A plan to create a regional campus for veterans in the western part of Tyler is moving forward.
If all goes as planned, the East Texas Veterans Community Council will open with several different veterans services offices during Memorial Day weekend of 2019 and expand over a three-year period.
The campus, called CampV Tyler, would combine a respite center, resource offices, a bus stop, equine office, a gym, stables, a pasture, and walking and riding trails on 20 acres at 3212 W. Front St.
Over time, the campus would be expanded to include a women’s respite center, a market, a kitchen and lounge area, a flower garden, a pavilion, an organic vegetable garden, a chapel, parking and transitional housing.
Susan Campbell, the chairwoman of the board of directors, gave an overview of the project to the Smith County Commissioners Court on Tuesday and asked if the county government would be willing to be part of the project.
Campbell said the organization would like the county’s Veterans Service Office, currently at 210 E. Ferguson St., to move to an office space on the campus and pay rent for the space to the East Texas Veterans Community Council.
“I think together we can definitely make the difference,” Campbell said. “We can reduce this frustration of the veterans when they have to drive all over and they come from outside the county and they come here for health.”
Campbell said rental income from veterans service providers such as the Smith County Veterans Service Office, would bring in 24 percent of the $150,000 the organization needs for its annual operational budget. However, she said the rent would be well below market prices in order to attract the services.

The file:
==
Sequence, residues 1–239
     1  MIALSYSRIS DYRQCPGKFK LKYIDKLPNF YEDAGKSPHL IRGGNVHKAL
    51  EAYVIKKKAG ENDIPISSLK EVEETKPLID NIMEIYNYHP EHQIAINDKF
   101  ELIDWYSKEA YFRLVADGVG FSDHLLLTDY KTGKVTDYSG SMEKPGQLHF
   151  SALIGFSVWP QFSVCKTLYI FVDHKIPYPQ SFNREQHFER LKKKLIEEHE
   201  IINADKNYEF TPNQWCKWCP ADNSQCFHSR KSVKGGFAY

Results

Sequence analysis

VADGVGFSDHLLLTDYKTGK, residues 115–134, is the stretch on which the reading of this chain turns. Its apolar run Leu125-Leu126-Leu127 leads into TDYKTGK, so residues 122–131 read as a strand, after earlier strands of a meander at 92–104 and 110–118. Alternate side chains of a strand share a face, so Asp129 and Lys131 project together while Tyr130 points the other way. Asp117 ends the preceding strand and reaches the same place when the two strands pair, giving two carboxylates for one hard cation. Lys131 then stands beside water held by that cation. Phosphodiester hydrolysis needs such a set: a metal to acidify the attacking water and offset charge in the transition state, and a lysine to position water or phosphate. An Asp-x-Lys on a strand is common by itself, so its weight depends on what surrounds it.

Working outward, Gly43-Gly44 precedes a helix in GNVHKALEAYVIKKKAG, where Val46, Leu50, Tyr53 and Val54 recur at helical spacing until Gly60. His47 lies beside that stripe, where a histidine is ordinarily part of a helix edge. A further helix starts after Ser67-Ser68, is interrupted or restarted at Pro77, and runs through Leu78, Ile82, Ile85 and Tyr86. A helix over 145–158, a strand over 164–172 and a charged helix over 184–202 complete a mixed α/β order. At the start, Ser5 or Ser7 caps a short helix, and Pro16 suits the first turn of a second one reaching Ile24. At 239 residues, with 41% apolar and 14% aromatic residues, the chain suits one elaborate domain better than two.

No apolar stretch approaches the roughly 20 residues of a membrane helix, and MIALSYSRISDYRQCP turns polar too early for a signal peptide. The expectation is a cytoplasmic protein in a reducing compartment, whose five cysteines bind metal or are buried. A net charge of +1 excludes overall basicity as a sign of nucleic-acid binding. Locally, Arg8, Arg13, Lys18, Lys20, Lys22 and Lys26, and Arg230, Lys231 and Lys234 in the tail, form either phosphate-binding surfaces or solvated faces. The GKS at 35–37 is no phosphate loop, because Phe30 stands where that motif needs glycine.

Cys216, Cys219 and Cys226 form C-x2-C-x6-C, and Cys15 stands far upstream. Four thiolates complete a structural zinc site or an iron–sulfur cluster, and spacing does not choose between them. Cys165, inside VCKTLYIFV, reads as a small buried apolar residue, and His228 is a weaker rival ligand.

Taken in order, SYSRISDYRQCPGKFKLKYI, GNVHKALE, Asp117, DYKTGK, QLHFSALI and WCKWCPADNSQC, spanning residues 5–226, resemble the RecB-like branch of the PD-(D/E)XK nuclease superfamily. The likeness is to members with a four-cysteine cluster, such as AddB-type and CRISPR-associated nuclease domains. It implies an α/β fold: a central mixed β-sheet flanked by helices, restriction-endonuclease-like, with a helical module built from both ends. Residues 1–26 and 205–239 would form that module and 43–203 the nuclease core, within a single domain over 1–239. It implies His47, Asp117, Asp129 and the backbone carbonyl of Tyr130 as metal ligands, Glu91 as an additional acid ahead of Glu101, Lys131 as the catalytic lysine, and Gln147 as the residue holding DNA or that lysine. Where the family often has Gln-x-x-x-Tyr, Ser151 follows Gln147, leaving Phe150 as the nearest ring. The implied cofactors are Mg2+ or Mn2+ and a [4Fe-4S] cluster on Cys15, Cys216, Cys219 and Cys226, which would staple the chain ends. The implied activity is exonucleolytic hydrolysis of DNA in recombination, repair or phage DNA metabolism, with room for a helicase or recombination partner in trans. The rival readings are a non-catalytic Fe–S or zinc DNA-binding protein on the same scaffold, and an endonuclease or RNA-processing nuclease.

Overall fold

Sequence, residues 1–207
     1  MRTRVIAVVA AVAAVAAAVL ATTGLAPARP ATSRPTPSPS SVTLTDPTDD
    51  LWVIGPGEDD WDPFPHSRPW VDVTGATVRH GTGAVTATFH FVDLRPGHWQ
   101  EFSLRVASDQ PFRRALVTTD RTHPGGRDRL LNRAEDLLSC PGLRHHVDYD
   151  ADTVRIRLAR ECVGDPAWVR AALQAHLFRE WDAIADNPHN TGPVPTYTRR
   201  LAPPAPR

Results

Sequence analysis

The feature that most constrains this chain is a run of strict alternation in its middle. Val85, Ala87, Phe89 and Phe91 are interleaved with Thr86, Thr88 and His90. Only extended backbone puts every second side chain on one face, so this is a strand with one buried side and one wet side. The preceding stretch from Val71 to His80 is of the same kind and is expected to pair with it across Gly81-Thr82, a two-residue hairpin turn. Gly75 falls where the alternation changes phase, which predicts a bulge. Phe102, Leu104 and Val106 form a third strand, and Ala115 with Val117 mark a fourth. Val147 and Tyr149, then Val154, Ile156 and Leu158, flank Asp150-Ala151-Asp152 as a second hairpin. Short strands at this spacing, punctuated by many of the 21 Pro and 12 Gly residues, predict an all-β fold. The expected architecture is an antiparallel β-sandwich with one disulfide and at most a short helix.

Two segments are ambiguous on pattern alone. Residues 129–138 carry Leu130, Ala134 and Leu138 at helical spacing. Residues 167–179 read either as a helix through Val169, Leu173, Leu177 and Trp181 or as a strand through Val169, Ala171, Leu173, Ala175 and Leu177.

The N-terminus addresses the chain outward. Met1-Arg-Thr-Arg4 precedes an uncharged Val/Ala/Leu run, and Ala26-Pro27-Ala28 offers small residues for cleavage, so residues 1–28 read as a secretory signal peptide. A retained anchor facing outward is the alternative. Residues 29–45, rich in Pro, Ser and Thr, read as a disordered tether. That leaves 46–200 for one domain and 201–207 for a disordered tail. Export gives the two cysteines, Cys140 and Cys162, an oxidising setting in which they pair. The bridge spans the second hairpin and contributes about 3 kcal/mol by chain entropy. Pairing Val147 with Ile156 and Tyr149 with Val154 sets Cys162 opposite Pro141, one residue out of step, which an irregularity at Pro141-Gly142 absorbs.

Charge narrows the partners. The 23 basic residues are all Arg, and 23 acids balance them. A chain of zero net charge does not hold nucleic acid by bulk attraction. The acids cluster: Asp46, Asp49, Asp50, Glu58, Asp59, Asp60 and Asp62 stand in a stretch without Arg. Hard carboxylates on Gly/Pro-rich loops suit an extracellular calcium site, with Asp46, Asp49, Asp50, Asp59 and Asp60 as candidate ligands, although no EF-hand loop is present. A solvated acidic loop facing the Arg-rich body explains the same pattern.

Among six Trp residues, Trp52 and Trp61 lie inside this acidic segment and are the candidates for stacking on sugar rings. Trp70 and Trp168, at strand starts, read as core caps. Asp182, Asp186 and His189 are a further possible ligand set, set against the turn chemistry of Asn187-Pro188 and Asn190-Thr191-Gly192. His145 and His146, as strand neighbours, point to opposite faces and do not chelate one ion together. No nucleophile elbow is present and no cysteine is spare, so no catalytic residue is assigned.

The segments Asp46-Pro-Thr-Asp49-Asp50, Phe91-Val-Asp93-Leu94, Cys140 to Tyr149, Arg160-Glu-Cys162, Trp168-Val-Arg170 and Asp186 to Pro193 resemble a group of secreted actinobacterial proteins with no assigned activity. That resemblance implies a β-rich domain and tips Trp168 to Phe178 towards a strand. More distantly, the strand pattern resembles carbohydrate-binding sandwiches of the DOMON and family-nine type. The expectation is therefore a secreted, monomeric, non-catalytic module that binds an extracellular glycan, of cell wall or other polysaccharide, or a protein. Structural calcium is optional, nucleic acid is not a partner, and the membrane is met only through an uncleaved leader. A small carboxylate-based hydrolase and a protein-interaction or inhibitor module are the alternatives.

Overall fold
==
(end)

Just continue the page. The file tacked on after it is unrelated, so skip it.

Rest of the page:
Additionally, the organization has been seeking to raise $1.5 million for startup costs. The money would go toward completing the purchase of the property in December, renovating the buildings between February and May, and a startup budget.
Campbell said the organization has raised 25 percent of its $1.5 million goal. The organization also is reaching out to eight foundations and multiple individuals to help make up the difference. In the future, the organization also anticipates generating earned income on the property.
Michael Roark, who runs the Smith County Veteran Services Office, told the Commissioners Court that the concept is good, but he said he has several questions that the organization needs to address before he would recommend the court vote to move the location.
County Judge Nathaniel Moran said the concerns include making sure volunteers on the campus are vetted sufficiently to meet the county’s standards, and making sure there is sufficient information-technology security and sufficient privacy safeguards for medical information.
“Those are concerns that I think we can work through,” Moran said. “Some things also that were mentioned was we want to be sure that the project is economically viable going forward.”
He added: “It’s a concept that has great merit to it. It really does. We just need to be sure that the t's are crossed and the i's are dotted and that we get it in place of course before the county commits its resources going forward long term.”
Campbell said in an interview she is confident in the organization’s funding model. She said the organization has not closed on the property yet because it was in a “chicken-and-egg” scenario.
She said her organization wants to make sure other groups would join the project as rent-paying tenants. She said the seller has been working with her organization, and the seller’s representative attended Tuesday’s meeting.
Moran suggested that members of the Commissioners Court meet with Campbell individually and plan to decide later this month whether to move the Smith County Veterans Service Office.
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